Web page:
Hawaiʻi Volcanoes National Park Acting Superintendent Rhonda Loh said, "We think everyone from first-time visitors to long-time park devotees will be as pleased as we are with the beautiful new signs and the information that they convey. We deeply appreciate the support from Friends and the National Park Foundation to fund the project."
DOH recommends all members of the public pay close attention to the number and rate of COVID-19 cases on-island or in the community to determine whether to hold a holiday gathering.
Lowest risk holiday festivities, says HPD, include virtual-only activities, events, and gatherings. "Modern technology is a great way to stay emotionally close when we're physically distant."
More risky festivities include small outdoor and in-person gatherings, in which individuals from different households remain spaced at least six feet apart. Participants should wear masks and come from the same local area. Do not share objects, or hug or kiss.
Highest risk festive activities include large in-person gatherings where it is difficult for individuals to remain spaced at least six feet apart, and people hug or otherwise touch. The risk is increased further if attendees come from different communities, towns, cities or counties.
Safe recommendations include celebrating outside, keeping distance with those from different households, including not kissing, hugging or touching; keeping gatherings small; serve food safely by providing individually packaged meals or bentos; and posting reminder signs: "Include messages about showing aloha without hugs and kisses, and protecting kūpuna by giving them space."
|Kaʻū Hospital's Activity Coordinator, Jessica Camba-Penera, and |
Recreational Aides Justie Wroblewski and Brenda Martin,
receive a shave ice machine from OKK.
VIETNAM VETERAN WAYNE KAWACHI, president of OKK, encourages veterans and the public to come to ʻO Kaʻū Kākou's market in Nāʻālehu on Wednesday, Nov. 11 from 8 a.m. to 2 p.m., to celebrate Veteran's Day. The community organization offers free watermelon to all attendees and a $15 voucher for every veteran in attendance, to purchase lunch from market vendors. Musical entertainment is also provided. Limited chairs available – first-come, first served – so bring chairs if need. The market will be operating as usual.
|Stacyn Sakuma, left, whose home town is Pāhala, and |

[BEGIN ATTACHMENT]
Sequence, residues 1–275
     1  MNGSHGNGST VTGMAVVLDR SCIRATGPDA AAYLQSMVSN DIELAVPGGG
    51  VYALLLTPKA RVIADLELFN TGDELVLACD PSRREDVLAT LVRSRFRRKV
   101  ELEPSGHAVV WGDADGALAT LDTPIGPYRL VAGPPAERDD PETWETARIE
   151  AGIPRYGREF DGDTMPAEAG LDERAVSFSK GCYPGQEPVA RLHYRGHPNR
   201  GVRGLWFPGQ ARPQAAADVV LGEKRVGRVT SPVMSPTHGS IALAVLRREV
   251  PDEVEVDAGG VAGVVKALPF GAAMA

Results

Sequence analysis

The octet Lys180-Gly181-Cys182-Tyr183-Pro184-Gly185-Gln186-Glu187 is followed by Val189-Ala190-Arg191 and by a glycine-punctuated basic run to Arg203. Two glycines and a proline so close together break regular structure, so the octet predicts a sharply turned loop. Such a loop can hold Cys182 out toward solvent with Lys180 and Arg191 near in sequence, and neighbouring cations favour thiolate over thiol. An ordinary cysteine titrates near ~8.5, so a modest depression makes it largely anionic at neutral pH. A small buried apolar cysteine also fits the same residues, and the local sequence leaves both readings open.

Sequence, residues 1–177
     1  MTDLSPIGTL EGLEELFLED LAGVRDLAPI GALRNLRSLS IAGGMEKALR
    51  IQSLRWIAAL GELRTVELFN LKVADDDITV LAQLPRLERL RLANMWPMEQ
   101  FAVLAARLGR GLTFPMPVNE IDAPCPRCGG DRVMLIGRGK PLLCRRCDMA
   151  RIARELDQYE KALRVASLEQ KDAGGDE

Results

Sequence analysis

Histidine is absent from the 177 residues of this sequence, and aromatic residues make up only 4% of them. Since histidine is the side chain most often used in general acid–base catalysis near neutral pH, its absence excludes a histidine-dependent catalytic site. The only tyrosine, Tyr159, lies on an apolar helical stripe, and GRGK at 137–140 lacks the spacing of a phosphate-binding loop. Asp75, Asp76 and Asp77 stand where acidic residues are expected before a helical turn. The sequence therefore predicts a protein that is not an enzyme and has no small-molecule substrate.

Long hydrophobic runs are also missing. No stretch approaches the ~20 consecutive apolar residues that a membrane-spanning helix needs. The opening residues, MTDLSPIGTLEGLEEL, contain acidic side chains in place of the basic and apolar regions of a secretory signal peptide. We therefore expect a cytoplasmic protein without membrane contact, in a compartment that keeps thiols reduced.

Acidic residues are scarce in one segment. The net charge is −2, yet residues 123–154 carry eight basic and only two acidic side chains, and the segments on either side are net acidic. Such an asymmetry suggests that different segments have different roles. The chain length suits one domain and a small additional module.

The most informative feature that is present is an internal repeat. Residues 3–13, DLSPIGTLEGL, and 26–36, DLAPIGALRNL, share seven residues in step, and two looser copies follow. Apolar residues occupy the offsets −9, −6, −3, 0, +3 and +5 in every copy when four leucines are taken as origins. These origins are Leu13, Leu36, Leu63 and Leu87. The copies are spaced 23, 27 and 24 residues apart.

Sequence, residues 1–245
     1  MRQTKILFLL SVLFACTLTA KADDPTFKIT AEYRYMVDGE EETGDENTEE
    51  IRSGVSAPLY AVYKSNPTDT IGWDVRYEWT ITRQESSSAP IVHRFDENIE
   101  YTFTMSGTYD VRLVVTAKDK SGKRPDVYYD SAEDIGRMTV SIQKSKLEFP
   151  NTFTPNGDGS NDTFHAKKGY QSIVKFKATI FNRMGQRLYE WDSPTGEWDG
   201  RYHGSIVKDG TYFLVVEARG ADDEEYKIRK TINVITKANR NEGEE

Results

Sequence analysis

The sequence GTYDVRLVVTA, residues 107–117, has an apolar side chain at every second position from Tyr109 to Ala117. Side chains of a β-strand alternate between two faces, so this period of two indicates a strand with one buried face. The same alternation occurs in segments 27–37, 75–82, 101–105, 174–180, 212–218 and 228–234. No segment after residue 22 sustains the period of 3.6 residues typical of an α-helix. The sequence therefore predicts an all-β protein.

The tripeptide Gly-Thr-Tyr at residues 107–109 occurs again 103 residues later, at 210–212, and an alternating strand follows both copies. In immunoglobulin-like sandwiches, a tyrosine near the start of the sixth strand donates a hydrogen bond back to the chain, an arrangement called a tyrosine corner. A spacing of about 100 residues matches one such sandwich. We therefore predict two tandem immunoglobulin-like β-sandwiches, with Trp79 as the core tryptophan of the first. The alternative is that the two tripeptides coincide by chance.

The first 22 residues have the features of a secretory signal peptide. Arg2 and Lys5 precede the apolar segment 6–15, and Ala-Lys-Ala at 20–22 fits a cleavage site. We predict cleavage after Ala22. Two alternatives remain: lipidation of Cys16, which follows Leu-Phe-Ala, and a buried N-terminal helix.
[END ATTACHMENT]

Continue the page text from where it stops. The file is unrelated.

staff member at Yukio Okustu State Veterans Home,
receive a shave ice machine from OKK.
The worldwide cumulative COVID count surpassed 50 million today. The death toll is more than 1,255,250.
Hawaiʻi Island reports 19 new COVID cases today. The average daily case count for Hawaiʻi Island is 7.4. There are at least 10 people hospitalized on Hawaiʻi Island with the virus.
Since the pandemic began, 48 deaths have been reported on Hawaiʻi Island by Hawaiʻi Civil Defense. At least 221 people have died in the state, according to state records, one new today.
Onset of COVID-19 cases in the last 28 days, by zip code. Gray
areas have populations less than 1,000. White is zero cases.
Yellow is one to 10 cases. Light orange is 11-50 cases. Dark
orange is 51-200 cases. Department of Health map
In the last 28 days, in Hilo zip code 96720, 23 cases have been reported in the last 28 days. In Kona zip code 96740, 85 cases have been reported in the last 28 days. In zip code 96743 – which includes Waikoloa, Kawaihae, Waimea, Puako, Waikui, and Akona – 15 cases have been reported in the last 28 days. In Pepeʻekeo zip code 96783, 13 cases have been reported in the last 28 days.
Hawaiʻi County Civil Defense said today, "Hawaiʻi Island has seen an increase of positive cases in recent weeks. Most of these recent cases are not travel related which means the virus is being transmitted within the community. Data from the Department of Health shows the majority of these cases have been identified as West Hawaiʻi based. Due to this data, increased testing, especially in the Kona area is being scheduled. Remember the purpose of testing is to identify positive cases as early as possible and in this way help stop the spread of the coronavirus. By getting tested know that you are helping stop the spread of this virus.
"This high increase of the coronavirus is of great concern and demonstrates the critical need for you to follow the preventive policies of face coverings, distancing and gatherings. Know that the preventive policies are mandated and the Hawaiʻi Police Department will continue the enforcement of these policies."
Berta Miranda and family are featured in the Taiwan International Coffee Show's promotional film.
Photo from Islander Hawaiian Coffee
|Kaʻū Coffee was featured at the Taiwan International Coffee Show |
last year. Photo from Islander Hawaiian Coffee
See the Islander Hawaiian Coffee Video at islander-select.com.
The Kaʻū Coffee Festival also announced its annual event from May 8-17, which was ultimately canceled due to the pandemic.
The 2020 festival was to feature a free Paʻina Open House at Pāhala Plantation House, Kaʻū Mountain, a tour of Kaʻū Valley Farms, Kaʻū Coffee & Cattle Day, stargazing at Kaʻū Coffee Mill, the Hoʻolauleʻa at Pāhala Community Center, Kaʻū Coffee College, Kaʻū Coffee Pageant and the Kaʻū Coffee Recipe Contest.
Enthusiasm for living and working in Kaʻū Coffee is expressed in the Islander Hawaiian Coffee video.